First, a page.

The Should vs. Will debate; or why doubt is good

After a long discussion with Dan and other JBehave dev list members, I am reconvinced of the merits of the word “should”.

Dan’s argument went something like this:

  • In an agile environment, everything is mutable. Nothing is certain.
  • A test which boldly declares that something will have a certain behaviour is hard to delete. It feels as though actual functionality is being removed.
  • A test which suggests that something should have a certain behaviour is open to question. Should it? If the test fails, is it because there’s a bug in the functionality, or because the required behaviour is different? Perhaps the responsibility of the class has changed. Perhaps the behaviour is no longer required at all.
  • It’s easier to delete or modify “should” than it is to delete or modify “will”.
  • “Should” makes you question. “Will” makes you certain. Certainty is only good when combined with accuracy, otherwise it’s false assumption.
  • In an agile environment, it’s impossible to always be accurate about customer requirements (and therefore behaviour).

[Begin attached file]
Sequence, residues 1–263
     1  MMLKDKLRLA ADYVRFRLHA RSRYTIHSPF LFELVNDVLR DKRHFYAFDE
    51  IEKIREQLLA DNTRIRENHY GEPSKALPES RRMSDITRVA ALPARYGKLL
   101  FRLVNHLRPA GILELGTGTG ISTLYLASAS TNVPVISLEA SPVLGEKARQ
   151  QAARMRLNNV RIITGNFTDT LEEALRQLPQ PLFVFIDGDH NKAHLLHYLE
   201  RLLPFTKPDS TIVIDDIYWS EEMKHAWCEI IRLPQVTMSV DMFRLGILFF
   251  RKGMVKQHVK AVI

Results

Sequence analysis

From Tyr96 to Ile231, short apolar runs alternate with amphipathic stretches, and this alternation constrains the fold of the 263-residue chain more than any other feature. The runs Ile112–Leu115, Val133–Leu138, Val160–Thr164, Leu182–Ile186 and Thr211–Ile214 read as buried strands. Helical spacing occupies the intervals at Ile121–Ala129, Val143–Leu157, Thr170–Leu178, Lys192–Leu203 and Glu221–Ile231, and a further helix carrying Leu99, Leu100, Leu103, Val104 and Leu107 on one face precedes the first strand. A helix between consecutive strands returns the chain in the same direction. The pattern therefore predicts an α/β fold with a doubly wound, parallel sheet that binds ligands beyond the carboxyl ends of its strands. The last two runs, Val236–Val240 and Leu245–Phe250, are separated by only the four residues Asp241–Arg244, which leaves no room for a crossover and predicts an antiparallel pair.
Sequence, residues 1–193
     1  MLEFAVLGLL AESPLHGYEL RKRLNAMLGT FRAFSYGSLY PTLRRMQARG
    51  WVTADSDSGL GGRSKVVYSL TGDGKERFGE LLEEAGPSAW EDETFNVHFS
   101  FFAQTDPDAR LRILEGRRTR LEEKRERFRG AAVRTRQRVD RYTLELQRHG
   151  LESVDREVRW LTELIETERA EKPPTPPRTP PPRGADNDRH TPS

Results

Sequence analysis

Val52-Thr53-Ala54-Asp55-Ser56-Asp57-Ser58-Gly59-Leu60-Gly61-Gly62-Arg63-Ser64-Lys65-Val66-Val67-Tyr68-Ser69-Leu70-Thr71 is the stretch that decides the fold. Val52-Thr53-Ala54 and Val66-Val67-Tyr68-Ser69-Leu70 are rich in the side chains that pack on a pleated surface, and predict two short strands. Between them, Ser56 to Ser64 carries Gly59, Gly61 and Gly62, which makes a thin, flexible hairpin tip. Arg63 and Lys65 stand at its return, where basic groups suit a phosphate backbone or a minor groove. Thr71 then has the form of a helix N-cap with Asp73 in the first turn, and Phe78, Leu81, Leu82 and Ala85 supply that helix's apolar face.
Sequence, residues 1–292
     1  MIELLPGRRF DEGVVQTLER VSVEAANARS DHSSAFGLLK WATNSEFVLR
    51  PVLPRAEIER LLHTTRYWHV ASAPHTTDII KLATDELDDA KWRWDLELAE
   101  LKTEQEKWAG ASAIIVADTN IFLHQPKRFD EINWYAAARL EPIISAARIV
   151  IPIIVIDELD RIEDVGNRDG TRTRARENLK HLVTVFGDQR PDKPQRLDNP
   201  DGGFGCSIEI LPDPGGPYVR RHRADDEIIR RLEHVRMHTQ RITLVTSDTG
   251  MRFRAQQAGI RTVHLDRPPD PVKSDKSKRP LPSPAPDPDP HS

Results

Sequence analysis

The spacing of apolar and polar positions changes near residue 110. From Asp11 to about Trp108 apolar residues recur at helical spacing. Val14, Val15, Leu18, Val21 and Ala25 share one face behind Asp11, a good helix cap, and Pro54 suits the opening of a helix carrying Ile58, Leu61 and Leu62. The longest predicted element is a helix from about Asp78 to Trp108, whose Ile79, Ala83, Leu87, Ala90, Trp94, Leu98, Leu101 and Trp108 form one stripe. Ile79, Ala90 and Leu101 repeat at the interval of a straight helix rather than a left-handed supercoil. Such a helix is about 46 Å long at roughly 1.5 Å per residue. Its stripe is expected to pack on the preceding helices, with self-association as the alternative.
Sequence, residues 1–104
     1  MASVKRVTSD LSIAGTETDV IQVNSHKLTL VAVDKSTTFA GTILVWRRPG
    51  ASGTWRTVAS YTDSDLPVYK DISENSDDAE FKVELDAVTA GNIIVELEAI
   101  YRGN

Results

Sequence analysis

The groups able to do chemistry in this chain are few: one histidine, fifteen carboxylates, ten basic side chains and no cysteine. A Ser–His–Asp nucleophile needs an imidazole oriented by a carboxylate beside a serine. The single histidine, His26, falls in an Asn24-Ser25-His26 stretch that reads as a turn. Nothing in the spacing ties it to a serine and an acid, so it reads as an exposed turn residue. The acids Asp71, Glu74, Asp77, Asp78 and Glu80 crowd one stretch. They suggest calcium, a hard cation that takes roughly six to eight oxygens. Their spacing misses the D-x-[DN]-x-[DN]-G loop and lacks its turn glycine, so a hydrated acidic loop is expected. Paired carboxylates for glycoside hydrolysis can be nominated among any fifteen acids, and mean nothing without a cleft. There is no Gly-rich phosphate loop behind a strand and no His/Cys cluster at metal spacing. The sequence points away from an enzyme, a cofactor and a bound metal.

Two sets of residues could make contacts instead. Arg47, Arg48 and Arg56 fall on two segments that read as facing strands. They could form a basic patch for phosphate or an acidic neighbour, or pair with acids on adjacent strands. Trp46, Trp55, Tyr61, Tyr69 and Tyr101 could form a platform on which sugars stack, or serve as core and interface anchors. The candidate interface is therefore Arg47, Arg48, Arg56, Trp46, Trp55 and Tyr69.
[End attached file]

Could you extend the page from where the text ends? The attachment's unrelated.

I think even Sam is showing signs of being convinced this time.

This entry was posted in Uncategorized. Bookmark the permalink.

4 Responses to The Should vs. Will debate; or why doubt is good

  1. anonymous says:

    Thought you might like to know that Apple’s Cocoa frameworks use a should/will/did convention so, for example, a Window will try to call its delegate’s shouldClose, willClose and didClose methods in that order.

    neil at ose-ltd dot com

  2. sirenian says:

    What does each of them do? I can understand “willClose” and “didClose”, but suspect that “shouldClose” might be better phrased as “mayClose”.

  3. anonymous says:

    shouldClose seeks permission from the delegate and returns a Bool.

    ‘mayClose’ sounds a bit like, ‘Well don’t count on me because I might not be here in a minute.

    Chopping semantics with may, should and will, etc. can go on all day. The great thing about the Cocoa convention is that now it’s established everyone knows what these qualifiers mean.


  4. sirenian says:

    Everyone? Or just Cocoa devs? 🙂

    If in doubt, comment the code. And yes, this is an argument which could go on all day. Thanks for telling me about the Cocoa convention; I’ll bear it in mind.

Leave a Reply

Fill in your details below or click an icon to log in: Logo

You are commenting using your account. Log Out /  Change )

Twitter picture

You are commenting using your Twitter account. Log Out /  Change )

Facebook photo

You are commenting using your Facebook account. Log Out /  Change )

Connecting to %s